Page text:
By now, you’ve seen many editions of various all-decade teams. Minnesota is no different, with many all-decade rosters of the Minnesota Wild.
However, there is still one team we have yet to hear from, and it will be painful for Wild fans. It is the 2010 all-decade ‘what could have been’ team.
What does that mean exactly? The team that Minnesota did not make the most of — or even draft at all.
No, this is not going to be a list of just draft-pick failures. We would literally be here all day writing those out. There are also going to be players who were traded or released too soon as well, as upon their departure from Minnesota they found the grass to be greener elsewhere.
So to get on with our team, take something for indigestion or pour a glass of your favorite beverage before glancing over the roster. Because it will be more likely to cause you pain than anything else.
Ok, here we go…
Left Wing – Alex Tuch
Kicking off the list is Tuch, who was part of the infamous expansion draft blunder by Minnesota. In 2017, with Vegas entering the league, the Wild gave the Golden Knights their 2014 first-round draft pick in order for Vegas to select Erik Haula — an honorable mention for the center position on this list — as they left Mathew Dumba and Eric Staal exposed.
Since the expansion draft, the right-hand shot Tuch has tallied 100 points (40 goals-60 assists) and has signed a seven-year extension to stay with the Golden Knights through the 2025-26 season. Minnesota has often been lacking right-handed shots on its roster, and letting Tuch go in the expansion draft so soon is a move Wild fans are often left wondering ‘what if’ about.
Center – Sebastian Aho
Last season in Carolina, there was a big resurgence for the Hurricanes as they re-joined the postseason for the first time in a decade. Leading the charge for Carolina last season — and the year before that even — was Aho, who has become one of the premier centers in the NHL.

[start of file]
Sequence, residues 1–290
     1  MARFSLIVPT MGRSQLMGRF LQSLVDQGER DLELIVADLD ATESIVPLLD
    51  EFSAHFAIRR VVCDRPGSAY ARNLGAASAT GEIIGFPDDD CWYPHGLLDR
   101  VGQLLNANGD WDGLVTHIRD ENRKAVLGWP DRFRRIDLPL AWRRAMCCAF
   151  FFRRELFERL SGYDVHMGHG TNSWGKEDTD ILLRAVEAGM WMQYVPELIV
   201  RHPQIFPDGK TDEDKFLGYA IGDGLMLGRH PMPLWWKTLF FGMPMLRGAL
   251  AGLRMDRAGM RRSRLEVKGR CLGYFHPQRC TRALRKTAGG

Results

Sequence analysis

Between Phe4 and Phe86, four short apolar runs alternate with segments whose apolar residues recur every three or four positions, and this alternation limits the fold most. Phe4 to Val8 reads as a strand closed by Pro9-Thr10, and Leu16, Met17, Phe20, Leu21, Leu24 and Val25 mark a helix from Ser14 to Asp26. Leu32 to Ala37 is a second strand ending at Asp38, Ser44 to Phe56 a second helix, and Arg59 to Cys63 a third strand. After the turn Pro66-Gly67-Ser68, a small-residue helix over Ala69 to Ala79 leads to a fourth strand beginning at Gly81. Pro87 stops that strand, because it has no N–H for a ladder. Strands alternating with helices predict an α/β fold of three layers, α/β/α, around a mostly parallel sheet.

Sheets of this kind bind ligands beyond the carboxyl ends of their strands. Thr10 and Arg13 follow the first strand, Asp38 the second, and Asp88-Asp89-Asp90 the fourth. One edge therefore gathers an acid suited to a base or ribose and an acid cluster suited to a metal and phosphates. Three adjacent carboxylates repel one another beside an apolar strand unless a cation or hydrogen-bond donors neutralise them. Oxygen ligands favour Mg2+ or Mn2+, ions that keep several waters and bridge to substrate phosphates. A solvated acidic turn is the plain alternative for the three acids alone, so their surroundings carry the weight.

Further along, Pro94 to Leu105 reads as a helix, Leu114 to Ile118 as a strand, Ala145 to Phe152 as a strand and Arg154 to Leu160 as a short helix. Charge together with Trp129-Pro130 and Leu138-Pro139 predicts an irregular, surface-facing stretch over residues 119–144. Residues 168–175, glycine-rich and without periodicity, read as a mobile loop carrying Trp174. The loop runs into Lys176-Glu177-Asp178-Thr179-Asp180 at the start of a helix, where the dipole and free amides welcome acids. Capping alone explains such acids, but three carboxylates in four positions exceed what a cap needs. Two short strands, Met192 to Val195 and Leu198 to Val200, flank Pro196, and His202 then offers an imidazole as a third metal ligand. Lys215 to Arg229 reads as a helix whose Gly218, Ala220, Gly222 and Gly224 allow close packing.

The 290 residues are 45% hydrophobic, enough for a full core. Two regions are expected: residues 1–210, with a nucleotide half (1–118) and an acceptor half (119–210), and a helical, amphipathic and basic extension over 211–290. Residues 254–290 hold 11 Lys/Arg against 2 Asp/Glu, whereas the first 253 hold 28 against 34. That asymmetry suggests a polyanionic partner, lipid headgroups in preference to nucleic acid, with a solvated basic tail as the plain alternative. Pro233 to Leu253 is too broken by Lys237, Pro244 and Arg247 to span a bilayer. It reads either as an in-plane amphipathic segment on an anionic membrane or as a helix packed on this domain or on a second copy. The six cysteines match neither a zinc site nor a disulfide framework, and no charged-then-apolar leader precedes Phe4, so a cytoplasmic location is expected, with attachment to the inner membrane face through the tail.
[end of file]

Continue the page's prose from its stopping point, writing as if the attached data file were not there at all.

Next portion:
If you did not know this, Minnesota had a chance to draft Aho in the 2015 Draft, as the Finnish forward fell all the way to 35th overall — where Carolina snatched him up. Minnesota had the 20th pick in that draft, but the Wild instead opted for Joel Eriksson Ek, who has turned into a decent center for the Wild himself, but provides nowhere near the offensive output Aho can put up.
With a gaping hole at the top-line center for the Wild in the very near future coming up, not taking Aho is a pick that could haunt the Wild for quite some time.
Right Wing – Brock Boeser
Speaking of that same 2015 draft and the same pick – 20th overall – the Wild also passed on another scoring forward who could have helped out the roster in recent years. Boeser, a Burnsville native, was still on the board for Minnesota when it selected Eriksson Ek. Fans were questioning why – and to this day, still do – the right-shot winger was not taken in lieu of the two-way center Eriksson Ek. Boeser fell to Vancouver three spots later, but this has turned into one of the bigger draft blunders by the Wild in recent years.
Since being drafted by the Canucks, Boeser posted numbers in two seasons with the University of North Dakota before signing his entry-level contract in 2017. In his first two full seasons with the Canucks, Boeser has posted back-to-back seasons of 25-plus goals and 55-plus points while being named to an NHL All-Star Game in 2018 — one in which he won MVP honors.